FAQs


Photo by Griffin Family Photography
What are you currently working on?
I am always hard at work on “The Next Book”…or books. Like many authors, I am often uncomfortable talking about the work in progress. However, I’ve recently begun working on the fifth installment of the Country Girl Empress series called AT THE CASTLE OF DREAMS, the continuing story of Empress Elisabeth of Austria.

When does the next book come out?
This is a difficult question to answer, as the “next book” will vary by which format you are looking for, such as hardback, paperback or e-book. Visit my author’s website www.authorapiperburgi.com often for up-to-date information.

Do you create your own cover art?
So far I have had complete control over my book covers. Since I self-publish, it is up to me to provide the cover art.

Can I submit my manuscript to you for editing or a blurb?
Unfortunately, I am currently unable to provide help with editing or blurbs.

When it comes to writing historical fiction, what is your rule for historical accuracy?
As a rule of thumb, I don’t like to go against known historical facts. However, although many times we know what happened, we don’t always know why or how. Writing historical fiction allows me to use my imagination and conjecture; something a biographer or historian cannot do.

I want to become a published writer. What should I do?
The first thing you have to do is write a book or story from beginning to end. Then you have to make it the best story you can create. There is no way around that. The second thing you have to do to be a writer is to keep on writing. Don’t listen to people who tell you that very few people get published, and you will not be one of them. Keep on writing, maintain the faith in the idea that you have unique stories to tell, and tell them.

But what about the ‘getting published’ part of being a writer?
There are whole websites devoted to this topic. You can either become a traditionally published author, submit what you have written to potential publishers and hope to get a deal. Alternatively, you can go the self-publishing route. Either way it starts out with: First, write the story.

Do you have any advice for aspiring writers?  
The best advice is also the simplest: Write what you love!  Moreover, do it every day.  There’s only one way to learn how to write, and that is to write.

Do you find it difficult to switch from one writing type to another? What techniques do you use that help you switch “writing gears”?
No, I do not find it difficult to switch. There are days when I’m in the mood for working on my fiction piece, other days I prefer to work on non-fiction. I don’t have a unique technique. It’s all about how I feel that day.

How long have you been writing? When did you start? Why did you start —what triggered your writing?
I’ve been scribbling for as long as I’ve known how to write. However, I didn’t start writing seriously until about seven years ago. I began writing in my spare time shortly after my mother had suddenly passed away. Just a few months prior she had asked for my help to get her memoirs published, but neither one of us had any idea where to begin.
As I worked hard to keep my promise to my late mother, I needed to create some balance between the sad memories of my mother’s passing and my active lifestyle. And I found that when writing my stories. Before I knew it, I was entirely consumed by this new pastime.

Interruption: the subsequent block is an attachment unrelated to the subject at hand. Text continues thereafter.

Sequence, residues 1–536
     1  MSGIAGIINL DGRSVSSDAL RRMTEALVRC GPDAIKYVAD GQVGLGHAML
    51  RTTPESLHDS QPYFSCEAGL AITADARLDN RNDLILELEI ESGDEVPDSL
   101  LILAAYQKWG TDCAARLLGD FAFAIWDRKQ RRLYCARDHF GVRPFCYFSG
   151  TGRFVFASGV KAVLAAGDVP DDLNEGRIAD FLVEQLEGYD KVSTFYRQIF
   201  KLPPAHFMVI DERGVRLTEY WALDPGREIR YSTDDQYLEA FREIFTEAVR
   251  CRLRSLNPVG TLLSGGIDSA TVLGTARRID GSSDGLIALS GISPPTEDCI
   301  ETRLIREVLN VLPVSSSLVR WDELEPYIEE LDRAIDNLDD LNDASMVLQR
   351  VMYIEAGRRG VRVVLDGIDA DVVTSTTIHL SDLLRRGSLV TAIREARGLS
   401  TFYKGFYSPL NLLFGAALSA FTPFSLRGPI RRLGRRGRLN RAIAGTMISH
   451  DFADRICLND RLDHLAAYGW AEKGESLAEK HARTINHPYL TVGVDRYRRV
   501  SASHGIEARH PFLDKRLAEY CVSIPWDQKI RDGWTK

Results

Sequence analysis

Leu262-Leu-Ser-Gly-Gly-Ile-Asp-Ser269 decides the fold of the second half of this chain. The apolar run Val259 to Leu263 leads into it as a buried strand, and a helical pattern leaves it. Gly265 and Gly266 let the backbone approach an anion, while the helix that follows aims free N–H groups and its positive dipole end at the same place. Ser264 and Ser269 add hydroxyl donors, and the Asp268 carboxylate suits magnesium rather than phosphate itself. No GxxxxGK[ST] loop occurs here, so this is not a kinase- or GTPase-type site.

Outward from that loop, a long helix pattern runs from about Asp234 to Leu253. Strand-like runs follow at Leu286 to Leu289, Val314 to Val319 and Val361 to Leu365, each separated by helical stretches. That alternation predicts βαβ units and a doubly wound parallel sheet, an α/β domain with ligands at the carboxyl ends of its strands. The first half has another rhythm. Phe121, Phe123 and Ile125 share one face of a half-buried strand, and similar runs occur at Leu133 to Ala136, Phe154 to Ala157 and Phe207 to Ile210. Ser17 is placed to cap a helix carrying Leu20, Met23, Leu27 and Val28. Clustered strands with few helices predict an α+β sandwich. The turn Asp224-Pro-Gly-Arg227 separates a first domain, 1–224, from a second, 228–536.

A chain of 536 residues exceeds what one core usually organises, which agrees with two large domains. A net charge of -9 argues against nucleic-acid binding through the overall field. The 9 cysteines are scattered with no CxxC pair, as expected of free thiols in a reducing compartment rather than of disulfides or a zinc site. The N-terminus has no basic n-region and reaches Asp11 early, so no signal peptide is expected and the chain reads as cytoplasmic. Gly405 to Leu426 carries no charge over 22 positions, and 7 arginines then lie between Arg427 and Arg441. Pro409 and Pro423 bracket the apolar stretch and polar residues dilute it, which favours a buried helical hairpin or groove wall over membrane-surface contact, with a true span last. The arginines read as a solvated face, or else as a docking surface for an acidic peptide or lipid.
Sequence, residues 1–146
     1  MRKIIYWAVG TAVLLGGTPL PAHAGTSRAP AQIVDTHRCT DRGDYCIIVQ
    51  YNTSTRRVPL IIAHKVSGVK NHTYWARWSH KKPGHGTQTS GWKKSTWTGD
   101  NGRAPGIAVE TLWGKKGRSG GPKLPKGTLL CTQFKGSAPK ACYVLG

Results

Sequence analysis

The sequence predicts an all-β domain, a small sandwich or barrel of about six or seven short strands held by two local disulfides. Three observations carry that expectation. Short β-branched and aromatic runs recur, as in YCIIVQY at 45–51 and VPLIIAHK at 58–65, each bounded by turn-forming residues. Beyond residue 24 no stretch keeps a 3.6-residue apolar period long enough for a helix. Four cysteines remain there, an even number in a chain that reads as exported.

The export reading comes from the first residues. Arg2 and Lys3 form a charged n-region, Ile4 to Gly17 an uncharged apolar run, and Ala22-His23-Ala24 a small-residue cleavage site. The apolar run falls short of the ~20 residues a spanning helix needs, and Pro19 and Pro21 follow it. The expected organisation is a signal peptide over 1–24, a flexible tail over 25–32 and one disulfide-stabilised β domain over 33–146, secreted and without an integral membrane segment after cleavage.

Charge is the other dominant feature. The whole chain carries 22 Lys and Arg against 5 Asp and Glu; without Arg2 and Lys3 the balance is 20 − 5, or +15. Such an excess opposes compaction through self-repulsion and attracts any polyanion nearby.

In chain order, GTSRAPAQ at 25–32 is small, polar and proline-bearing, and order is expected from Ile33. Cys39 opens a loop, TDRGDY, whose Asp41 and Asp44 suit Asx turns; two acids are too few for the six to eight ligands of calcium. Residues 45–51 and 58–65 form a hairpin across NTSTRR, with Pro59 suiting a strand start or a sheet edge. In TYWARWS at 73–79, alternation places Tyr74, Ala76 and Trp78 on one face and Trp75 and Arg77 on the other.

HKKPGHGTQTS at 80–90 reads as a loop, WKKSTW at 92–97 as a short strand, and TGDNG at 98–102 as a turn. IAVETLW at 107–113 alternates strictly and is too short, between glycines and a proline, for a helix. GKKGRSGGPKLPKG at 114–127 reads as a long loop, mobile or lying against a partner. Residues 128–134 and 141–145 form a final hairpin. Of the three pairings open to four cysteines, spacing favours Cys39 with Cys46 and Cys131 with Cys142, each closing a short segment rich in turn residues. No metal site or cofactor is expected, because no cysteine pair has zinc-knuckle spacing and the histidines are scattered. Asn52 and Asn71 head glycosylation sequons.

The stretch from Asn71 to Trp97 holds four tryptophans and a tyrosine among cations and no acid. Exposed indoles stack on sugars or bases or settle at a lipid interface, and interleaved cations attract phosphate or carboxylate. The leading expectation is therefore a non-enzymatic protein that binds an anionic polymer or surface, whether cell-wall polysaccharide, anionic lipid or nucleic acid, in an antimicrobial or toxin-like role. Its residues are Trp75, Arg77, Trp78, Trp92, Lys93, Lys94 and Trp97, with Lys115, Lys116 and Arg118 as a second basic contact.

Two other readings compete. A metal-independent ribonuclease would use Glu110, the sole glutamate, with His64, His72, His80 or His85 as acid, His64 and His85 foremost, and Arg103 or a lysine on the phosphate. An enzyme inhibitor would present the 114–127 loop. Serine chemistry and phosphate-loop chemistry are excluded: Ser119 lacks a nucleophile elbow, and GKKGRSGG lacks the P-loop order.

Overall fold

What was your “writer dream”—your goal— when you began to write? Has it changed over the years?
My original goal was to make the pain I felt, caused by my mother’s death, somehow a little more bearable. As time went on, I’ve adjusted my goals. These days it’s primarily about story-telling, less self-healing.

When did you first know that you were a writer?
I suppose I should have known from the beginning that I want to be a writer. I come from a long line of storytellers. I’ve always been an avid reader since I first learned how to read, and as a child, I spent a great many hours alone wholly absorbed in my imaginings.

What does the act of writing bring into your life? Why do you want to write?
Writing provides me an outlet for my creativity and imagination.

On average, how much time do you spend writing a day? Do you have a schedule that you keep?

I don’t have a set schedule for my writing, but one way or another I spend about 6 to 8 hours every day writing. I’m very much a fly-by-the-seat-of-my-pants kind of person. I find a rigid timetable kills my creativity.

What stimulates your creativity or serves as a writing inspiration? Conversely, what creates a major writer’s block for you?
Many define writer’s block as their imaginary friends refusing to talking to them. Thankfully, so far mine haven’t stopped talking to me for too long – knock on wood! I can’t rightfully claim that any one thing or situation stimulates my creativity, but rather my mind is constantly churning out ideas, and most of them I capture and incorporate into my writings.
Some techniques that have worked for me in the past: Setting deadlines, exercising, taking a break, going outdoors, talking to people around me, reading, and working on my manuscript back to front.

Do you ever get “stuck” when writing—have trouble beginning a project or getting through it? If so, how do you handle those “work-in-progress” ruts?
Like all writers, I have good days and not so good days. On the not so good days, when the words don’t seem to want to flow, I take a break from writing and recharge either by reading, cooking, or traveling (if time allows).

What part of the writing process do you enjoy the most? The least?
Love the writing/creating part the most, closely followed by researching my subject matter; it makes me feel like I’m on a treasure hunt. I’m not so fond of editing.